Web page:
Under Polish law, adverse possession is a legal concept where someone who does not have legal title to real property and who did not buy it can become its legal owner. They do this by possessing it for a long enough period to override the interests of the original owner.
It is called adverse possession because it goes against the concept that someone who occupies land should either legally own it or have permission from the legal owner.
While adverse possession may sound simple, it is far from it in practice. The applicant (i.e. the one seeking adverse possession) should demonstrate that:
- he had factual possession of the property for 30 years (or 20 years if he has been acting in good faith);
- he had intention to possess the property as the owner;
- the possession was open and notorious; and
- the possession was continuous and uninterrupted.
The application must be accompanied by supportive evidence demonstrating the possession of the property for 30 years, documentary evidence, witnesses etc.
It is relatively easy to prove the factual possession of a building if we are talking about the building as a whole. But in the case of co-ownership of the building it gets really complicated because one co-owner tries to prove his rights against the other co-owner.
So, how to prevent adverse possession claims?
There are several ways to prevent claims of adverse possession. The first thing to do is to know precisely what do you own and look after your property. You should ensure that your property is registered with land and mortgage register in Poland. This includes property which has been bought, inherited or been given. Here are some further tips:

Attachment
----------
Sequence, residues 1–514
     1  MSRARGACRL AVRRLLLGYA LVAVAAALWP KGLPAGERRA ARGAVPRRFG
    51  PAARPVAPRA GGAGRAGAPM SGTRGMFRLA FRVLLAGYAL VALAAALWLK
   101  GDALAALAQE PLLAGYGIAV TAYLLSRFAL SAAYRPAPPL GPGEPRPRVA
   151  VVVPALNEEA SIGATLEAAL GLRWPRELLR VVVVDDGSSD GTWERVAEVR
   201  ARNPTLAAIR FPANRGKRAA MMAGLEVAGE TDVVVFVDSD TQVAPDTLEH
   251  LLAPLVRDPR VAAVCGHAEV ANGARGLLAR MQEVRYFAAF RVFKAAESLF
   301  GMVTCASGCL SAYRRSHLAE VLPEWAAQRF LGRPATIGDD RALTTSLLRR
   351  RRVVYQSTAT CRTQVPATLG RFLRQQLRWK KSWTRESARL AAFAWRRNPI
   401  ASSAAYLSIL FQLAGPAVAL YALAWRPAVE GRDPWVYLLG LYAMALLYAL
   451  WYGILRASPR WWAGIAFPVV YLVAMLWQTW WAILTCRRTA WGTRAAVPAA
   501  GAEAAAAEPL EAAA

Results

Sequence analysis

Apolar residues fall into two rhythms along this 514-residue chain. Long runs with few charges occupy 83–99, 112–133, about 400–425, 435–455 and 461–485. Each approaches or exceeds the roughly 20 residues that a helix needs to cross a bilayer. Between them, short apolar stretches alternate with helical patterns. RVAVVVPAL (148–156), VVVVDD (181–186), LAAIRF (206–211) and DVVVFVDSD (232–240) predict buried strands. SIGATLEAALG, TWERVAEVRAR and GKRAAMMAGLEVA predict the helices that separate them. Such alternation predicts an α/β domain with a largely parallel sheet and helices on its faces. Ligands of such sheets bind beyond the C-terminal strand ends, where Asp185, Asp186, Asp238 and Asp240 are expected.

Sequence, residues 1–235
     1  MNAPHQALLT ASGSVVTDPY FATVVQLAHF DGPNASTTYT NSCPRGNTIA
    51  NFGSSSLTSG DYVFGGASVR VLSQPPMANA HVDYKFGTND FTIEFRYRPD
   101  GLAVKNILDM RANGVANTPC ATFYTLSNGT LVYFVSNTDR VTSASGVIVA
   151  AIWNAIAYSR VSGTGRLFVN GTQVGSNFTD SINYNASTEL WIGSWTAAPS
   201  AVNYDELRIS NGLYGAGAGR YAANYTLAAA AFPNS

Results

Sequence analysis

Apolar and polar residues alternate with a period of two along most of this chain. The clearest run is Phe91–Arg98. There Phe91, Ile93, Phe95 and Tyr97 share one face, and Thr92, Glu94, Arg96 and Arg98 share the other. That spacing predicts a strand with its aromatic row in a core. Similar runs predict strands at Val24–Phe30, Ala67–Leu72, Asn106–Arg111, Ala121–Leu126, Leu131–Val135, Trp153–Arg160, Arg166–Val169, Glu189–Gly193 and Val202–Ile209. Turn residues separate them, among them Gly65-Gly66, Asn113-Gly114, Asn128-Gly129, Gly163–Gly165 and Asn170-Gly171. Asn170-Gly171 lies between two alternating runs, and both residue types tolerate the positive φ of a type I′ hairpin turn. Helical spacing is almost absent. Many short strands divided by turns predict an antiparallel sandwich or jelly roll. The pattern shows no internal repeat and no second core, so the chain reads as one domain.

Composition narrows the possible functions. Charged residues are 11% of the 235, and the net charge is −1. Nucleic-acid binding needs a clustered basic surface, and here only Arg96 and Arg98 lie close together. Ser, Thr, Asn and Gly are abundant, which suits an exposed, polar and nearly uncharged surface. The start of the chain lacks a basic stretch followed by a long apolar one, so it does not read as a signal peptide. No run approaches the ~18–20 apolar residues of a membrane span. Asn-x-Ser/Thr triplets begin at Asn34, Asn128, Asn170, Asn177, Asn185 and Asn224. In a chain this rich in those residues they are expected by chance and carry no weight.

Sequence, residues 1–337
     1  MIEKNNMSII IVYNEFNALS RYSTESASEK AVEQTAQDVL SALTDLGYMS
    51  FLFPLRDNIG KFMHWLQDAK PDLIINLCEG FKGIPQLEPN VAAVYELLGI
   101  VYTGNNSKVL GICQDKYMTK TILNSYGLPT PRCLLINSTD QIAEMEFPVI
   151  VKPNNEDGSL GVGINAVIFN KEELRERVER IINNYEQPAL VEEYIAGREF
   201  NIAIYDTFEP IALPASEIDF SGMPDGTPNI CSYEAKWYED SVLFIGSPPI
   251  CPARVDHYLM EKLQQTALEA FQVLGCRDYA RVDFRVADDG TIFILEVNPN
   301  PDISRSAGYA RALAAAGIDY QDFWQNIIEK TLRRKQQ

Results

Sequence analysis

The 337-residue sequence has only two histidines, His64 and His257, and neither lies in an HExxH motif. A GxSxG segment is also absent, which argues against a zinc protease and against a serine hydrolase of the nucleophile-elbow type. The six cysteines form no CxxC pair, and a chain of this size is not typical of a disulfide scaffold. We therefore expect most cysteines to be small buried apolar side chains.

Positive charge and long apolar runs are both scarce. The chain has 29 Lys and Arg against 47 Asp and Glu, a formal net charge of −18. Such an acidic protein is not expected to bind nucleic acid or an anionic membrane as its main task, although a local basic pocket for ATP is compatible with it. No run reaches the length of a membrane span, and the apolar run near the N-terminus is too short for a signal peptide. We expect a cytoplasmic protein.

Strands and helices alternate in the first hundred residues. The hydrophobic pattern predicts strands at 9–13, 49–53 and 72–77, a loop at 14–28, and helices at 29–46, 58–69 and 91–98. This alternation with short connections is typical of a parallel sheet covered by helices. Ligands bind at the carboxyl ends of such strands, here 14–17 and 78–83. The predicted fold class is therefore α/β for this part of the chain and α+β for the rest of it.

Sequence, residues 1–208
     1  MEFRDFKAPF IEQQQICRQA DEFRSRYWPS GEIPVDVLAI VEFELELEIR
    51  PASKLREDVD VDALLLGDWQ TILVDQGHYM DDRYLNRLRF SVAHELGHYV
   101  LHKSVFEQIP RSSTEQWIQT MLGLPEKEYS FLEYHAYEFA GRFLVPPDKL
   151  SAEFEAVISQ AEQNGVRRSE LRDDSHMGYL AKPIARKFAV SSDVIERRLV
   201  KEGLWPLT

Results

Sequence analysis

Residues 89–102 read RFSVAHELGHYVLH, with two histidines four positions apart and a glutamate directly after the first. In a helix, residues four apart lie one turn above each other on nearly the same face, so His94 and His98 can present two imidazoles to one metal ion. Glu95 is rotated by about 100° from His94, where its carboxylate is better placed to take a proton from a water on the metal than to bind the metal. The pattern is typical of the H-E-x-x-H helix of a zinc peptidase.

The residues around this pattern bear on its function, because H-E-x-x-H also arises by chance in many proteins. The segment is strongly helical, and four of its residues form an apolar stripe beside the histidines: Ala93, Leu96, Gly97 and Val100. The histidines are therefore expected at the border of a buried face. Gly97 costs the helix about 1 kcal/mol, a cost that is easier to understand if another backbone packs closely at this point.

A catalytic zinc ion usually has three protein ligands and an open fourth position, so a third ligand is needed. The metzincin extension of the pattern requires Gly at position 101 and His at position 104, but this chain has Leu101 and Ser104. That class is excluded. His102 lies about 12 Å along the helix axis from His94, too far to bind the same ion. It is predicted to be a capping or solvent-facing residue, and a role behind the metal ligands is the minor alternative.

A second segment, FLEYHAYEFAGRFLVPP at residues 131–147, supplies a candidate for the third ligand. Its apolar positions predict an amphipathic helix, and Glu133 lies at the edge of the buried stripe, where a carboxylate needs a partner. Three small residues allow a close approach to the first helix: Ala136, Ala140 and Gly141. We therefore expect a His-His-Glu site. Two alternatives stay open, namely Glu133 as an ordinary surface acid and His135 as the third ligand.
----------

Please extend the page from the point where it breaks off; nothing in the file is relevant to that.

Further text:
- inspect your sites regularly to make sure that there are no incursions; keep a good record of those inspections;
- investigate when the incursion first occurred; if necessary contact previous owners and speak with neighboring land owners;
- put up a fence around your property or post a “no trespassing” sign; it always helps;
- if you discover that someone has encroached on your property, take urgent steps to remove them; this includes writing to them and issuing possession proceedings if the need arises; any action taken before the Polish court leads to the interruption of the adverse possession process which is sometimes decisive;
- if there is a dispute as to the boundary of a property, consider obtaining a boundary surveyor's report; a survey can turn up any issues, such as a misplaced fence, before they lead to claims
To discuss how best to stop the process of adverse possession in Poland, please contact our litigation team.
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